Think about a person that made you feel valued and supported, that helped with your self-confidence and growth and saw potential in you. You can be that person for one of our young people in Calgary by volunteering as a mentor with Hull Services.Click here to learn more
International Mentoring Day: Joint statement
January 17th, 2021
On Jan. 17, we celebrate International Mentoring Day to thank volunteer mentors for the important difference they make in the lives of children and youth.
“Mentors are caring individuals who help young people develop confidence, self-esteem and a sense of belonging. Children and youth build resiliency through these relationships, and gain skills they need to reach their full potential and lead happy, full lives. In a recent Alberta Mentoring Partnership (AMP) survey, nearly nine out of 10 mentees said mentoring increased their social skills, and the majority of mentees (81 per cent) said mentoring helped them stay in school.
“The Alberta government is proud to support mentorship in communities and schools across the province through AMP, which receives funding through the ministries of Children’s Services and Education. With more than 170 school and agency members, this partnership helps community organizations provide mentoring opportunities throughout the province. You can find out more about these opportunities by visiting albertamentors.ca.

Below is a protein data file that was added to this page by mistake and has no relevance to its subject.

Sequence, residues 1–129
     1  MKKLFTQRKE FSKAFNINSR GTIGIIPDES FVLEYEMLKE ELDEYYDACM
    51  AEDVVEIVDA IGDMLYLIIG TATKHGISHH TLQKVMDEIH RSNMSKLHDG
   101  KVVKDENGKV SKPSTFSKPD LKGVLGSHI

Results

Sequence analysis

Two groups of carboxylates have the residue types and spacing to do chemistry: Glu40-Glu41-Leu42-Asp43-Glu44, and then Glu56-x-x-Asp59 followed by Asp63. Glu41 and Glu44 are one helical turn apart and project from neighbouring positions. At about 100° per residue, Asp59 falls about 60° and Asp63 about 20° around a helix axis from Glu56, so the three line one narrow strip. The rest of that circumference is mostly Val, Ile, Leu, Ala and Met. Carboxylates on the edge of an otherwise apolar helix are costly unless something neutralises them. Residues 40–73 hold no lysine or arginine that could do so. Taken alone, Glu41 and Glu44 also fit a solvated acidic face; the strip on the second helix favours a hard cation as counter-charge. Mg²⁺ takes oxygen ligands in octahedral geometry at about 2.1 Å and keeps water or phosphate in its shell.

“As Minister of Children’s Services, I have seen first-hand the way strong mentors can help improve the lives of children and youth who are at risk. We know from experience that mentoring helps kids stay in school and increases their social skills. This International Mentoring Day, I encourage Albertans to explore the many opportunities available to become a mentor and to make a real and positive difference in a young person’s life.
“Thank you to all the volunteer mentors who are already helping young people across the province.”
Rebecca Schulz, Minister of Children’s Services on International Mentoring Day
I would like to thank the many school authorities across Alberta that support mentoring opportunities for their students. Mentoring can help students develop healthy relationships and create connections — and this is especially important during challenging times when children and youth may feel disconnected.
“While mentoring looks different this year, many schools and community organizations have used creative and safe ways to continue their programs virtually. High school students can also benefit from becoming mentors themselves to support and guide younger students while earning school credits.
“During mentoring month, I encourage Alberta schools to check the available resources to establish or grow mentorship programs, and find out how students can get involved as mentees or mentors by visiting albertamentors.ca.”
Adriana LaGrange, Minister of Education